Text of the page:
TMZ treatment does not have a significant impact on MMP-2 secretion/activation in GBM cell lines. U118, U87MG, and LN229 GBM cell lines seeded in 6-well plates were treated with TMZ for 24 hours at the following concentrations: 0, 200, or 2000 μM. They were then incubated for an additional 24 hours in serum-free OptiMEM, after which aliquots of the medium were taken and analyzed by gelatin-based zymography (A). The experiment was repeated 3 times, and the mean MMP activity relative to the control (analyzed via densitometry) is shown in each corresponding graph: U118 (B), U87MG (C), and LN229 (D). *p < 0.05 versus control. Figure is available in color online only.

  • View in gallery

    Radiation and TMZ treatment can enhance MMP-2 secretion/activation in GBM cell lines. U118, U87MG, and LN229 GBM cell lines seeded in 6-well plates were treated with radiation at the following doses: 0, 2.5, or 5 Gy and 24 hours postirradiation incubated with TMZ at a concentration of 1000 μM in serum-free OptiMEM. At 24 hours, aliquots of the medium were taken and analyzed by gelatin-based zymography (A). The experiment was repeated 3 times, and the mean MMP activity relative to the control (analyzed via densitometry) is shown in each corresponding graph: U118 (B), U87MG (C), and LN229 (D). *p < 0.05 versus control. Figure is available in color online only.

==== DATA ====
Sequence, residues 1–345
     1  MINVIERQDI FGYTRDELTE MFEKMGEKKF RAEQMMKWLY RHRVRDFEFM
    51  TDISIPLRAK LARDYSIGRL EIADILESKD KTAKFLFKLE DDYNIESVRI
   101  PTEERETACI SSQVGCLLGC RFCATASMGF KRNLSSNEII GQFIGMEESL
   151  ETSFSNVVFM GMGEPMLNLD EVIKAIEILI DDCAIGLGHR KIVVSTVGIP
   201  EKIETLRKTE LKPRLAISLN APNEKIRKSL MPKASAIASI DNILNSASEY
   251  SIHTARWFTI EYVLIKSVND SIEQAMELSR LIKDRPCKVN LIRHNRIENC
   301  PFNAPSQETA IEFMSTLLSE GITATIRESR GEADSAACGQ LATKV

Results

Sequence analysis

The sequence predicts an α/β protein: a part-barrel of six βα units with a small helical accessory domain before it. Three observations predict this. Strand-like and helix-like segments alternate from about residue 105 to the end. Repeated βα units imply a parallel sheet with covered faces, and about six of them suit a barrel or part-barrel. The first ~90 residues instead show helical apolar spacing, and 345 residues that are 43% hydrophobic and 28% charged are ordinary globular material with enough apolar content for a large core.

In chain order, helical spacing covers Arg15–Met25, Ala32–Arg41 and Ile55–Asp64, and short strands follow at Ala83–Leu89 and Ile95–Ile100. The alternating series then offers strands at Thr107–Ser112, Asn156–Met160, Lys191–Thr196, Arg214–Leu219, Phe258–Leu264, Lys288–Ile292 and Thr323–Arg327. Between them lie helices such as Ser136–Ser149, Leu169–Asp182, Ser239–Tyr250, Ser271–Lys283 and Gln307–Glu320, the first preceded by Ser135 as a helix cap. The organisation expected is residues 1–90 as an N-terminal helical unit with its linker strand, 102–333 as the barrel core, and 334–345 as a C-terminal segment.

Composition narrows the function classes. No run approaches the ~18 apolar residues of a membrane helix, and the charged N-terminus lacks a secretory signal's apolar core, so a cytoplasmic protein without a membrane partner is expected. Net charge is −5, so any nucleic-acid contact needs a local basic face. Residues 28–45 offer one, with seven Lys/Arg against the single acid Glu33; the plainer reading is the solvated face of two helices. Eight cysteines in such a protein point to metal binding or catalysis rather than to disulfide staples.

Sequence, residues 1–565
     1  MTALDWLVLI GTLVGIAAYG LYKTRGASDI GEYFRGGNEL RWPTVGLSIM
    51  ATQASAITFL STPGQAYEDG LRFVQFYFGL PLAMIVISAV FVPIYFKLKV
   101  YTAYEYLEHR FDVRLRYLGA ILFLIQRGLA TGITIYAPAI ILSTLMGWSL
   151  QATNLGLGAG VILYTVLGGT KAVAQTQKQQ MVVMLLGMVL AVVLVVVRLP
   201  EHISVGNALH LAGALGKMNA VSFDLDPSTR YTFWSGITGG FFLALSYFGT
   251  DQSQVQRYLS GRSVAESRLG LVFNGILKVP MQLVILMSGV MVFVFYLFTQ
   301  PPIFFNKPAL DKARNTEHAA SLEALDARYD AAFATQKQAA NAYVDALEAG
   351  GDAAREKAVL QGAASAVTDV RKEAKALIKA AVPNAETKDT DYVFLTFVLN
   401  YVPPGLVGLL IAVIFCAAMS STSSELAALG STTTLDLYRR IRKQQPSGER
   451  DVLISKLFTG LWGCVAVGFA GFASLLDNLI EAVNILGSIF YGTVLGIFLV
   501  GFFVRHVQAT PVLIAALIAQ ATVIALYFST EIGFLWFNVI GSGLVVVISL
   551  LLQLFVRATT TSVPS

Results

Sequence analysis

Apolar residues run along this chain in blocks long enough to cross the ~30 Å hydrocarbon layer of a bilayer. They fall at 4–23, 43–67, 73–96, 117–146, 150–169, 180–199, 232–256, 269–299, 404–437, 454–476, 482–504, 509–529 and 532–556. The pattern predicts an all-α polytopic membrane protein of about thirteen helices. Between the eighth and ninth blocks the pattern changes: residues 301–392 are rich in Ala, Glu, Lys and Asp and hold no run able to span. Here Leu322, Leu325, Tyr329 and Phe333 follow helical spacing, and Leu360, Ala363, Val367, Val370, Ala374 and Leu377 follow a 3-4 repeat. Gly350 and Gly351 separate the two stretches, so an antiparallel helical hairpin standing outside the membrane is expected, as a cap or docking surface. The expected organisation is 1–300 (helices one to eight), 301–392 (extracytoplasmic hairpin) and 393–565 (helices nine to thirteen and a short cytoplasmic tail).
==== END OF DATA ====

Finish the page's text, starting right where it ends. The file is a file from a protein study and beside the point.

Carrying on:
• View in gallery

    Invadopodia activity in GBM cells is augmented at sublethal doses of radiation and TMZ. U118, U87MG, and LN229 GBM cell lines seeded in 6-well plates were treated with radiation at a dose of 5 Gy and after 8 hours were incubated with TMZ at a dose of 1000 μM. After an additional 24 hours, the cells were trypsinized and plated on coverslips coated with a thin film of cross-linked FITC-labeled gelatin. After 24 hours, the cells were fixed and stained for actin filaments with rhodamine-phalloidin (red) and DAPI as a nuclear stain. Degraded areas of FITC-labeled gelatin are evident as black areas devoid of FITC-labeled gelatin (green). DAPI staining of the nucleus is shown in blue. The experiment was repeated 3 times, and representative images (A), mean FITC-labeled gelatin degrading activity (B), and percentage of cells with FITC-labeled gelatin–degrading invadopodia (C) relative to the controls are shown. *p < 0.05 versus control.

  • 1

    Artym VV, Zhang Y, Seillier-Moiseiwitsch F, Yamada KM, Mueller SC: Dynamic interactions of cortactin and membrane type 1 matrix metalloproteinase at invadopodia: defining the stages of invadopodia formation and function. Cancer Res 66:30343043, 2006

    • Crossref
    • PubMed
    • Search Google Scholar
    • Export Citation
  • 2